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For Two New Zealand firms, VR Brings Fun and Games to Sustainable Urban Planning

sustainable urban planning

Move over SimCity, there’s a new city-building game. But this isn’t your typical video game—it’s an interactive virtual-reality (VR) experience that simulates the process of sustainable urban planning.

Sustain-a-city is a VR game imagined by New Zealand–based civil engineering and infrastructure consultancy WSP Opus. Developed in partnership with digital creative agency Method, the game lets players create their own thriving, livable smart city by balancing commercial, infrastructure, energy, and residential components.

Sustain-a-city aims to increase awareness of what it takes to build an actual sustainable city. “Historically, cities tend to build their different infrastructure elements separately; but to create a resilient and future-ready city, you need to look at all these infrastructure elements as an integrated system,” says David Kidd, general manager of client solutions at WSP Opus. “So part of creating the Sustain-a-city virtual-reality game was to bring that concept to life and highlight it in a visually compelling way.”

Sustain-a-city is like a cross between SimCity and LEGO. Instead of establishing individual houses and buildings, players put down plots of land and link them together. Taking inspiration from the settlement-building board game Catan, components in Sustain-a-city are modeled as hexagonal tiles. Players place tiles on the board as they advance through five levels of the game, monitoring the progress of their virtual city on a dashboard that shows what each city requires and what players can do to meet those requirements.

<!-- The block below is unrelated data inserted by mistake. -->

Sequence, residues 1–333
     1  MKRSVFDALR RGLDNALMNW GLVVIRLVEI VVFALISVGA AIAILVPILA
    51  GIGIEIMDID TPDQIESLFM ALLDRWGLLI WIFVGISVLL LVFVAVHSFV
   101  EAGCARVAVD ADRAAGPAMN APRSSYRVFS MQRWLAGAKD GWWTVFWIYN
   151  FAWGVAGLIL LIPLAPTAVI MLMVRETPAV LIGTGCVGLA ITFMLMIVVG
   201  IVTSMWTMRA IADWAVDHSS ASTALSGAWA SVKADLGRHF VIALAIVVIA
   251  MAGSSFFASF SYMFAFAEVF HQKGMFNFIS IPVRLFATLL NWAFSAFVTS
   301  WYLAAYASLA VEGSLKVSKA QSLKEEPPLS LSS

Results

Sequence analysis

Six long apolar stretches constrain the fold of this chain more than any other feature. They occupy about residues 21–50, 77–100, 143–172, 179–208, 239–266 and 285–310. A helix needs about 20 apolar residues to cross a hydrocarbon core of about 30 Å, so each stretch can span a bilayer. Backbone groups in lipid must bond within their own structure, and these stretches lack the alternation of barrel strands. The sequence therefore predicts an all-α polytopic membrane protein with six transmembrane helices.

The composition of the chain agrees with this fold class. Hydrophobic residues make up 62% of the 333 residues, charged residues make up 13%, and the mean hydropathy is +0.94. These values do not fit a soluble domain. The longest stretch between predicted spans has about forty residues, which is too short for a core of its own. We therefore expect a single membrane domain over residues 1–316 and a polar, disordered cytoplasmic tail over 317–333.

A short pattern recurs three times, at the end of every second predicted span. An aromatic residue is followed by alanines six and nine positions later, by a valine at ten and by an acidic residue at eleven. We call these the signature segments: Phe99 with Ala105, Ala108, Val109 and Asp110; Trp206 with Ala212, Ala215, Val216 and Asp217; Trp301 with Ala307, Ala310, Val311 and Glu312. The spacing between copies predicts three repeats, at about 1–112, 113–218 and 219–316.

Sustainable urban planning Sustain-a-city game tiles
Sustain-a-city game tiles. Courtesy WSP Opus.

“The elements we chose were those you typically find in a city: water resources, power or energy resources, residential housing, commercial buildings, and transport,” Kidd says. Components in the VR game must be in perfect balance or the health of the virtual city plummets, just like in a real-world city. “It works as a sort of ecosystem,” he explains. “So if you choose to create lots of residential and commercial buildings in your city, then the population rises. And if you haven’t allowed for enough water and power resources, the population starts to be impacted. Depending on the choices you make, the city can either thrive and start growing or it can struggle.”

The VR game was developed with education and engagement in mind. For WSP Opus, it was a question of how to make the serious work of designing and planning infrastructure projects and cities more stimulating—maybe even fun.

Sustainable urban planning Sustain-a-city tiles in play
Sustain-a-city tiles in play. Courtesy WSP Opus.

“Virtual reality proved a perfect platform for doing that,” Kidd says. “It’s a good way of engaging people who are new to engineering, considering a career in engineering, or who are interested in the whole concept of city planning and what makes a great city. Gamifying it made it both entertaining and educational.”